Radars to teach us more about rainy weather

How big is a torrential rainstorm? How quickly is it moving? How is its intensity changing? These are the questions that researchers are trying to answer by processing radar information to find out more about rainfall. Ultimately, this could lead to improved risk assessment in the context of extreme rainfall.

For many years, weather radars have collected information about the weather situation in Sweden. The information is used for the weather forecasts issued by SMHI, but also in research and development. Now researchers are developing information processing from weather radar facilities to produce the most accurate estimation of rainfall possible.

"We will develop the existing methods by, for example, filtering out false signals from interferences such as birds, insects and melting snow in the atmosphere, and converting the radar signal to rainfall intensity, where we currently have an inaccurate relationship," says Jonas Olsson, a researcher in hydrology at SMHI.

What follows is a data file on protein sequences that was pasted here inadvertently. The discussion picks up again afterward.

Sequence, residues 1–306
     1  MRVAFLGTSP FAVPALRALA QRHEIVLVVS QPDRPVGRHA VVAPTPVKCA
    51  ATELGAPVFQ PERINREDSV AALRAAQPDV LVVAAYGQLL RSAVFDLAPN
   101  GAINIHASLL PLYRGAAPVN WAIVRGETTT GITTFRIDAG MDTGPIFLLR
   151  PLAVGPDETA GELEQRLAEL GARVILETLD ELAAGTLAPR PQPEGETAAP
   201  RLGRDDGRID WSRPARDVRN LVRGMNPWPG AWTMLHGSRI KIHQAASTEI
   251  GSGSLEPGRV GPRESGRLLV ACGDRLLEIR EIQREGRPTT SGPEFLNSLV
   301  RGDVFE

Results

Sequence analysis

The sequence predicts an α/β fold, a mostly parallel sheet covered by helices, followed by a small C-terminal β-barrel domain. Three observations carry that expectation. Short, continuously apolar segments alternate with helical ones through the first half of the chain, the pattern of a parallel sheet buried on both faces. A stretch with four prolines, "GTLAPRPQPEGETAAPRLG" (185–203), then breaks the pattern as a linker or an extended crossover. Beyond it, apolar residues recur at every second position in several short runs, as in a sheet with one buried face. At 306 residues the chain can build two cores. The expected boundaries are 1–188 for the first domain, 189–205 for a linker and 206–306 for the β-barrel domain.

Increased understanding and better data

The data generated will develop descriptions of torrential rain, or extreme short-term rainfall, which is important both for increasing the understanding of the processes in the atmosphere and for developing a better basis for the design of hydrological systems (such as storm water systems). The project will also assess how well extreme rainfall is simulated in both forecasting and climate modelling, which is important for the interpretation of both short-term forecasts and climate projections.

The three-year project is a joint project between SMHI and SGI (The Swedish Geotechnical institute) and will run between 2016 and 2018. The research is funded by The Swedish Research Council Formas.